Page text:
We have to see the forest for the trees, and Amazon is likely but a tree–its not the forest. There are new technologies well on their way that go well beyond Amazon. The brilliant thing about this is that Amazon is likely nurturing a big part of this new forest with it’s AI called Alexa. With artificial intelligence like Alexa, or Siri and Ok Google, we don’t have to keyword search for what we want, we only have to ask. Having the ability to ask an AI to obtain whatever product or information we want is a vast forest quickly growing. So while the fashion industry continues to ponder over products and massively overproducing and distributing its wares, there’s a new forest growing that will completely overwhelm all of the industry’s old technology–including its people, products, and stores. If the fashion industry doesn’t begin to embrace technology like Amazon and its potential now, much of it, including most of its designers and retailers, will become the equivalent of a steam train. This isn’t because of Amazon. It’s not because e-commerce companies don’t make money. It’s not because consumers are fickle. And it’s certainly is not because the weather hasn’t been cooperating with retailers. It’s because fashion industry CEO’s, boards of directors, and other stakeholders charged with growth and innovation are not recognizing the appropriate technologies that are critically needed to advance their businesses.
So ok great, should we expect the entire industry to jump on this and get on the wagon towards advancement? Absolutely not. In addition to knowing that those who have embraced the wheel and fire likely lived better, survived and advanced quicker than those who did not, we also know that it has always been the findings or work of a very few that has advanced the masses. The question is are you working for or part of the few? If you look to your left, and then to your right, you won’t see the person who will likely lead an advancement. It’s probably not your CEO. Most CEO’s work to inspire and encourage, and there’s nothing wrong with that. Yet that does not by default enable or motivate an action to find and implement technologies that will advance a business. The question really becomes, are you and the people around you thinking forward, stuck in the past, or just enjoying the present? Hopefully there’s a good balance.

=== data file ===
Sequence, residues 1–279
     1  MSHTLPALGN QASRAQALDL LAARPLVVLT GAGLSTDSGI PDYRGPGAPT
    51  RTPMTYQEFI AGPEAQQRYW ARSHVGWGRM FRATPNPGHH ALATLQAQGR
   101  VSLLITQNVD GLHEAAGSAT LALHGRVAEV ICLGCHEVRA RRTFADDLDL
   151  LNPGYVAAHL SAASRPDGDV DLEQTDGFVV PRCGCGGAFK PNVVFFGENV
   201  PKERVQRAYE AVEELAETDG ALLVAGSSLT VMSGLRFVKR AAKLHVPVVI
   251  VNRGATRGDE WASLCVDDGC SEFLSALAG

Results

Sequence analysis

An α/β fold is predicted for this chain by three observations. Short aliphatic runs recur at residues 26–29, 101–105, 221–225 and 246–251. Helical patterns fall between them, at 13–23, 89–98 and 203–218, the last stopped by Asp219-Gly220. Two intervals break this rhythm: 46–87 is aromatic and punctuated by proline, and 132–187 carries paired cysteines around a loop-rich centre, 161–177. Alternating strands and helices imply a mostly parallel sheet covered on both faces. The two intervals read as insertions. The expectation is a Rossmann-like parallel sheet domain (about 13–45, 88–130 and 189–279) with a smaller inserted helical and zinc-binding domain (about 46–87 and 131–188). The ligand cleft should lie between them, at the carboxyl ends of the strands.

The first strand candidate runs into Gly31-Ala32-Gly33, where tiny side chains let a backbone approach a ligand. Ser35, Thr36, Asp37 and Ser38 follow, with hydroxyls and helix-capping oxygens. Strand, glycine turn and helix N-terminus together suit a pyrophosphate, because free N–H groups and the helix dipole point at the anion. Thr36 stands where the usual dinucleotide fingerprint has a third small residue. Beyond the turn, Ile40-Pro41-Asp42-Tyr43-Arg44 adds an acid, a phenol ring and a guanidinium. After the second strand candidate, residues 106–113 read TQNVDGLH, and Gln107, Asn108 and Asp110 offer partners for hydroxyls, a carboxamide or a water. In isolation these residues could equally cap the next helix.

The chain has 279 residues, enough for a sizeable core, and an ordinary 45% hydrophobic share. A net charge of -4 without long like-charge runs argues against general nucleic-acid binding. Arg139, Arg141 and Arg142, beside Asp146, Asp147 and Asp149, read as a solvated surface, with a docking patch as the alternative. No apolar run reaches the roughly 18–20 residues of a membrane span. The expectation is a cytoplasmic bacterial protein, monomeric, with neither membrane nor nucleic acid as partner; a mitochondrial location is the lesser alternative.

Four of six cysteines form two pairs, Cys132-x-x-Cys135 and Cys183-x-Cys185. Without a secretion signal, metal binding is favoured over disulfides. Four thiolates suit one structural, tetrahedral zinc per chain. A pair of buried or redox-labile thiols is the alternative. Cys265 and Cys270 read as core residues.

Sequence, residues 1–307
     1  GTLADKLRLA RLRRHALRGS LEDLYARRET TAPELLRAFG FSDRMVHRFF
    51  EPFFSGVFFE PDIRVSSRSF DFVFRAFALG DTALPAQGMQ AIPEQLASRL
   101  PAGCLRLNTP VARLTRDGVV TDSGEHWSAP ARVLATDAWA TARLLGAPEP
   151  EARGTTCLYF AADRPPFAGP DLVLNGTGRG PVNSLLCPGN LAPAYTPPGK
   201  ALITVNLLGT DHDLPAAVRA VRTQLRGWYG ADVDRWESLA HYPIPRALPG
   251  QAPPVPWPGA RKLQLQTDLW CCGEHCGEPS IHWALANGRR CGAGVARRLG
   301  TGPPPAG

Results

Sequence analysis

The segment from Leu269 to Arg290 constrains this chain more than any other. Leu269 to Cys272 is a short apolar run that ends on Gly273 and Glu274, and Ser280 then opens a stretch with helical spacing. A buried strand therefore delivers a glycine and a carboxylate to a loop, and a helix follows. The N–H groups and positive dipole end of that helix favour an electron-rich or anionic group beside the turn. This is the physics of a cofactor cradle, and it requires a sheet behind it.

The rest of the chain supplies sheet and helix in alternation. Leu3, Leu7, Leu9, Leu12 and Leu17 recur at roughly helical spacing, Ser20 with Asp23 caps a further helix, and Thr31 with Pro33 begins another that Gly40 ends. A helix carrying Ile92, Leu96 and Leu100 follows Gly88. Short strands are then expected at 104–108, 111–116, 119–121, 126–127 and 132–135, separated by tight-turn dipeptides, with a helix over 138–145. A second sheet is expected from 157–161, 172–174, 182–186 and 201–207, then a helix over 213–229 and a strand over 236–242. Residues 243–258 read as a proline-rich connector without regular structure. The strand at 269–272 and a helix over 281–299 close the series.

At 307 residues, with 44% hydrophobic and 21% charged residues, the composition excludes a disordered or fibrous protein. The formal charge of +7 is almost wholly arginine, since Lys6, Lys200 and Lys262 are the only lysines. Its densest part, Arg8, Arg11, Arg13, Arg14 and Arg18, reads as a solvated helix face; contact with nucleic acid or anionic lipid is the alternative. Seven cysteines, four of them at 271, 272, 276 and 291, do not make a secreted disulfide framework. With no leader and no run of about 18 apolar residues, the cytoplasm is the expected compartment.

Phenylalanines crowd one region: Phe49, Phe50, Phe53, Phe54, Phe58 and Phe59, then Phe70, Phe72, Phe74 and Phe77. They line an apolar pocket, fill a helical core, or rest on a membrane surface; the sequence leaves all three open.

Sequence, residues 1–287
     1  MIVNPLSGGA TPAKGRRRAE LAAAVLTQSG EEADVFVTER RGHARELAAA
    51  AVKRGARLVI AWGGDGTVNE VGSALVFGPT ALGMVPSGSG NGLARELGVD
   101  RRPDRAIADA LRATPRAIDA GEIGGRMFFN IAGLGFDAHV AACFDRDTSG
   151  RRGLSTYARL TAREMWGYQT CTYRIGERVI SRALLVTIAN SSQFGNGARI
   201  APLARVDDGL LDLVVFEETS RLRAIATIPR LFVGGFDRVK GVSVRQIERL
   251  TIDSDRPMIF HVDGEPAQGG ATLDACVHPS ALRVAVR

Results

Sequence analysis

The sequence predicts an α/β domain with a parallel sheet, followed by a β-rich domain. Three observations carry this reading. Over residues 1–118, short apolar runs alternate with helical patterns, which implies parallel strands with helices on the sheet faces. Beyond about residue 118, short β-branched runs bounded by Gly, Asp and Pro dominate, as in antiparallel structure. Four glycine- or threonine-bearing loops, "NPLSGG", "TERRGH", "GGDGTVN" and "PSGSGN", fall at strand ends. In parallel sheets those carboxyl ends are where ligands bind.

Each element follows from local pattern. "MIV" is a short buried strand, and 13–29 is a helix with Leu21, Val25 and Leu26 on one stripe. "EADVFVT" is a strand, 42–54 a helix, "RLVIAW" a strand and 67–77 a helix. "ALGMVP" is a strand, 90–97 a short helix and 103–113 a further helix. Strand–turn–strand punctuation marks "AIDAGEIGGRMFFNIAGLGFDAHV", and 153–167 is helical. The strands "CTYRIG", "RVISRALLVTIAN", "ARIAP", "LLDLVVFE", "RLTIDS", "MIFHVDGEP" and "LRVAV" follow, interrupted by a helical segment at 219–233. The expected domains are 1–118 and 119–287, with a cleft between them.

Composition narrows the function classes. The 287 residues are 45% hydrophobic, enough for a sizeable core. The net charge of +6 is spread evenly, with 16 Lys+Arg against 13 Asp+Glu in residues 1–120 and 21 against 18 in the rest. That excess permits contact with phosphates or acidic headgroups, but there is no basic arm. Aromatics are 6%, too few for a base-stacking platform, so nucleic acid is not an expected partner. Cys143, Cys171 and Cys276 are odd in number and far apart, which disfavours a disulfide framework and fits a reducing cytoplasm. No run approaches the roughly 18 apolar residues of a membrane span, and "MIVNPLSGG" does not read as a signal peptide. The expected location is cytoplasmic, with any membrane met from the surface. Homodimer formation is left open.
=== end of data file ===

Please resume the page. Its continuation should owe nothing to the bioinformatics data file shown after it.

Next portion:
So where do we hope to find this agent of change, this person to guide us or product to prepare us? Where do we find these people that have a sensitivity to things happening all around us so we can embrace tools that might help us advance? That’s a difficult question to answer and likely a more difficult person to find. Old farmers used to say that the more brilliant the goat, the more disruptive it is. Hence most farmers over the many centuries have looked to rid their pastures of the brilliant goats so the rest complied. Be brilliant. We all have the profound capacity to think and do. That’s what makes us human. Perhaps therefore, it starts with all of us from a abundance of listening, a curiosity for learning, and a respect for disruptiveness. If we listen, we learn. If we’re curious, we gain. If we’re disruptive, we advance.